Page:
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A little means a lot in O's win


DETROIT -- If it's possible to place a value on one inning, Orioles manager Lee Mazzilli could have checked under the cushions yesterday for loose change.

All the slow rollers that his club used in the fifth to score four runs in a 6-2 victory over the Detroit Tigers had to be worth something.

"That," Mazzilli said, "was a nickel-and-dime inning."

The costly ones usually involve injuries this season, but everyone made it through yesterday's series finale at Comerica Park without needing X-rays. The Orioles (34-22) had another win, making them 4-3 on their longest road trip of the year and giving them a rested bullpen heading to Pittsburgh for an interleague series against the Pirates. They also had some interesting stories to tell.

Daniel Cabrera (5-4) went seven innings, shutting out the Tigers after Dmitri Young's two-run, opposite-field homer in the first. Todd Williams and Steve Kline retired all six batters they faced in a game that lasted 2 hours, 17 minutes and was the polar opposite of Saturday's slugfest.

"We split in Boston and took two out of three here," Rafael Palmeiro said. "So far, so good."

The Orioles belted two grand slams Saturday to overpower the Tigers, 14-7, but they barely got the ball out of the infield yesterday. Five of their 10 hits never left it.

Distance wasn't important to them. Like house hunters, they were more concerned with location.

"We didn't hit the ball hard," Palmeiro said, "but we were able to score."

Down 2-0 in the fifth, the Orioles began to rally when Tigers first baseman Chris Shelton fielded Palmeiro's grounder, slipped in the dirt and couldn't get to the bag in time. Chris Gomez, starting at second base again for Brian Roberts, singled to right to put left-hander Mike Maroth in a jam.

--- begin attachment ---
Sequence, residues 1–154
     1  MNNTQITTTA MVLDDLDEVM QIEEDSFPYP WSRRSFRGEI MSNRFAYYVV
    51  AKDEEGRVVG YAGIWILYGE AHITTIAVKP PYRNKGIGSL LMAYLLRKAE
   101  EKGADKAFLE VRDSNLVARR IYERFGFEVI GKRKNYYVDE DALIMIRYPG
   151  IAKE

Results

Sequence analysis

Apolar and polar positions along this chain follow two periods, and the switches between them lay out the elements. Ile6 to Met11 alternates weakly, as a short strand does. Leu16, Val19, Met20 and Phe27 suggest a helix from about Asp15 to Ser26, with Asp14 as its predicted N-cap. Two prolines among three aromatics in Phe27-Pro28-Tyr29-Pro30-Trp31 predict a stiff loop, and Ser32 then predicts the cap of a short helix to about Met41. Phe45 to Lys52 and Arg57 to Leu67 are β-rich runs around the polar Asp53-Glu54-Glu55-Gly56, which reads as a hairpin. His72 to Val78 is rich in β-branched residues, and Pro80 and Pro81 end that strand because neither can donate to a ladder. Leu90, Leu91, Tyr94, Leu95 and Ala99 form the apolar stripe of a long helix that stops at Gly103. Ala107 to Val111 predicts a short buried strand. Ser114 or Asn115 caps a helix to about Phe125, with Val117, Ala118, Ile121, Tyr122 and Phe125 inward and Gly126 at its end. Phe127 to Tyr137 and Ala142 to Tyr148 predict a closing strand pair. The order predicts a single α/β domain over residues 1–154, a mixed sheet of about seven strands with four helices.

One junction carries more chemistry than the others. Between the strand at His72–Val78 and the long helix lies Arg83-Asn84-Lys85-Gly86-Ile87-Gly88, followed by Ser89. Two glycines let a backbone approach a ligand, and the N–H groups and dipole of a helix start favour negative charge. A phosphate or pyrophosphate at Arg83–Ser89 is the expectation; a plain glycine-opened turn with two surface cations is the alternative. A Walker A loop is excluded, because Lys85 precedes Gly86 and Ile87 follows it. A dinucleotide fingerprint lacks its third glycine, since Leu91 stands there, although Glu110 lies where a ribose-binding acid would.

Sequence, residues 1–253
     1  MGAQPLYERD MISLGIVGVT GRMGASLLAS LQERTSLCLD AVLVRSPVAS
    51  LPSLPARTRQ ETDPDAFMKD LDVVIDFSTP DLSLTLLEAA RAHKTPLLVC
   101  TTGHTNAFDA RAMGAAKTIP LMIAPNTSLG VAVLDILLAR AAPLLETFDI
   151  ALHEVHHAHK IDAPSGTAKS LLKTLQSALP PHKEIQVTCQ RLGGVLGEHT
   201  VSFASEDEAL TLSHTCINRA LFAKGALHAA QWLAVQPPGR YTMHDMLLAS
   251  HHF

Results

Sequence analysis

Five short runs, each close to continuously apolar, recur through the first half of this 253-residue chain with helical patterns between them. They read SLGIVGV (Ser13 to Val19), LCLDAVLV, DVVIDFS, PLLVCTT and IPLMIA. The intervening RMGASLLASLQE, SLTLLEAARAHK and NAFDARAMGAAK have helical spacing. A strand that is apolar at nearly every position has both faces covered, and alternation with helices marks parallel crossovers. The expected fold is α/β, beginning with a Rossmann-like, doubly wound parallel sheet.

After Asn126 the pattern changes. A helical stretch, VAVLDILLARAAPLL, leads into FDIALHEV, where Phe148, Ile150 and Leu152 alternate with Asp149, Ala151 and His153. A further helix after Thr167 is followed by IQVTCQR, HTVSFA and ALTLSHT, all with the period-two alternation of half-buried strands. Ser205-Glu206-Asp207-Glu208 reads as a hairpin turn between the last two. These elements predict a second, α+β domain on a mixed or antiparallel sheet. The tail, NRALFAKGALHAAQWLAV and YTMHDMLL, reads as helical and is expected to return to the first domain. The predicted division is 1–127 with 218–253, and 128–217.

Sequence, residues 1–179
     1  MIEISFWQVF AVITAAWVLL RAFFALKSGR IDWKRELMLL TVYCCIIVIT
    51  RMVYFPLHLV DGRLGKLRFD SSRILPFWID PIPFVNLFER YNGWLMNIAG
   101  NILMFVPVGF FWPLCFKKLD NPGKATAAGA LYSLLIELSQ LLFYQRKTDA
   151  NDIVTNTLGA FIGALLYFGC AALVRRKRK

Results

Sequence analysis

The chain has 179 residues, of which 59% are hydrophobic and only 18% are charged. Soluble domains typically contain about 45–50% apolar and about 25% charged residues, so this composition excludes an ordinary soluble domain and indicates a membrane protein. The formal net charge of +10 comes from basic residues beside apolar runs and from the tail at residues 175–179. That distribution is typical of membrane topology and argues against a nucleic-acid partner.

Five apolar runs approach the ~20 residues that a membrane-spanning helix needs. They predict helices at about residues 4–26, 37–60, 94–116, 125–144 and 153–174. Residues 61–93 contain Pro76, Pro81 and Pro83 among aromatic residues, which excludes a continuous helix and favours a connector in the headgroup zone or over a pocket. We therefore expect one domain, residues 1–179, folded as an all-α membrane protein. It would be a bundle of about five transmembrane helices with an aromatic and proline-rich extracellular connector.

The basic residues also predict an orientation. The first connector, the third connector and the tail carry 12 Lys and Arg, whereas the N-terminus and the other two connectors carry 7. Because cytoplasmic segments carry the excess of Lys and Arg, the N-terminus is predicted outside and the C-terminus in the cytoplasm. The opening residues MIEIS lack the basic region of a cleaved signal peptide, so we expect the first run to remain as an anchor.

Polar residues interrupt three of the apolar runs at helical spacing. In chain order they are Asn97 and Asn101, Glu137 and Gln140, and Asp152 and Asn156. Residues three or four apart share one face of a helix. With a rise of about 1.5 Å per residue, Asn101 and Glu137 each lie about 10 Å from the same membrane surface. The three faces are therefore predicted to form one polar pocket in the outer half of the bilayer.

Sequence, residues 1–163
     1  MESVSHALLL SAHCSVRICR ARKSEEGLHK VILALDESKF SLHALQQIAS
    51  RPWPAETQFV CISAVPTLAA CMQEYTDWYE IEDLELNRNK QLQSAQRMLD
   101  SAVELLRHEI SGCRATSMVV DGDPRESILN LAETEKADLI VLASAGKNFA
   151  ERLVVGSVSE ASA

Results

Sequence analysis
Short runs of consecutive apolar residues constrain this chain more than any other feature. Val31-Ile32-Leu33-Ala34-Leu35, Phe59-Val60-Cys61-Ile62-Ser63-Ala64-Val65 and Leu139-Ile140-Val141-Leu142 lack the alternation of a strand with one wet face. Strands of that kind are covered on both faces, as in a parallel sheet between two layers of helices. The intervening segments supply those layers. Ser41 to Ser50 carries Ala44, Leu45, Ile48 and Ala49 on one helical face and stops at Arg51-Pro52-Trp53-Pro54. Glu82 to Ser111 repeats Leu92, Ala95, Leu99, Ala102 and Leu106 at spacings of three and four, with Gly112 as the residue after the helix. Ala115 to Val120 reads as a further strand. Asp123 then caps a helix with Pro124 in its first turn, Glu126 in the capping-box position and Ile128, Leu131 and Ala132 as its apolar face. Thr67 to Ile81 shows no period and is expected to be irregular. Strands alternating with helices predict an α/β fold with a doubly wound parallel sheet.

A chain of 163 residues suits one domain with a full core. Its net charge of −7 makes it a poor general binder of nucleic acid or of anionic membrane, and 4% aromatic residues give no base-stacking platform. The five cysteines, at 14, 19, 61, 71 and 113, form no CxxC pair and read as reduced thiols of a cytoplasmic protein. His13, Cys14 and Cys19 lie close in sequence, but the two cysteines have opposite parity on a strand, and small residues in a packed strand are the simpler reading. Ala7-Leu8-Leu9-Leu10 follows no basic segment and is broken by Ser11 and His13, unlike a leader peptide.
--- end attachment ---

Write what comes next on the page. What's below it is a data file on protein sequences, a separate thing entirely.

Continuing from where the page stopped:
Then it got a little weird.

Jay Gibbons took a huge cut against Maroth and dribbled a ball off the end of his bat along the third-base line. It went foul momentarily before slicing back into fair territory past Brandon Inge, as if in slow motion, allowing Palmeiro to score.

"It was a cue shot," Mazzilli said. Gibbons never called that pocket, but it counted.

"I was swinging before it got out of his hand," Gibbons said.

"The whole team, I don't think we hit the ball hard once. Well, maybe once. We got fortunate today."

One out later, Sal Fasano sent a bouncer to Inge, whose throw home bounced past Vance Wilson to tie the game and put runners on second and third.

Rookie Ramon Nivar, starting again in center field, provided a 3-2 lead with a grounder to short, bringing up Melvin Mora and more of the unusual.

Mora grounded to Inge, who stayed back along the line as if unsure where the ball was going. Who could blame him? Standing in foul territory, Inge fielded it passively near the bag and made a late throw to first as Fasano chugged home.

"We used to call it the Royals Rally when I was in Kansas City," Fasano said. "It's kind of odd to see with this team here, but you've got to give credit to the guys. Everybody hustles down the line and puts pressure on their guys, and good things happen."

Fasano, the only healthy catcher on the roster, scored again in the seventh after a one-out double. Nivar sent a grounder up the first-base line, the ball again rolling foul and then cutting into fair territory. Maroth grabbed it, missed the tag and lobbed a throw to first that Nivar beat.

A throwing error on a wild pitch increased the lead to 5-2, and Mora's drive to the warning track in center field scored Nivar.

"The hardest ball we hit today was 410 feet for an out," Mazzilli said.

Cabrera wasn't allowing the Tigers many good cuts. He scattered five hits and didn't walk a batter for the first time in his major league career, retiring 18 of the last 21 he faced while relying more on his sinking fastball.

"I was just trying to make good pitches and trying to get a quick inning," Cabrera said.

Said Fasano: "It just looked like he was a hair jumpy in the first."

Young had three of the Tigers' five hits, but his home run didn't faze Cabrera.

"He's the type of kid who turns it up a notch when something like that happens early," Mazzilli said. "He threw the ball extremely well. He can do that. He can dominate a game."

The Orioles were in no position to do that with a lineup still missing four regulars and B.J. Surhoff, who has become one because of the injuries. Mazzilli decided to rest Surhoff and gave Napoleon Calzado his first major league start, in left field.

It looked more like a B game in March, but the Orioles didn't have many options.

"I don't know half the guys' names yet who were out there today, but they did a great job," Gibbons said. "That's what we've got to do. We've got to stay above water right now when everybody's hurt."

Orioles tonight

Opponent: Pittsburgh Pirates

Site, time: PNC Park, Pittsburgh, 7:05

TV/Radio: Comcast SportsNet/WBAL (1090 AM)

Starters: Orioles' Sidney Ponson (6-3, 5.11) vs. Pirates' Josh Fogg (4-3, 4.12)

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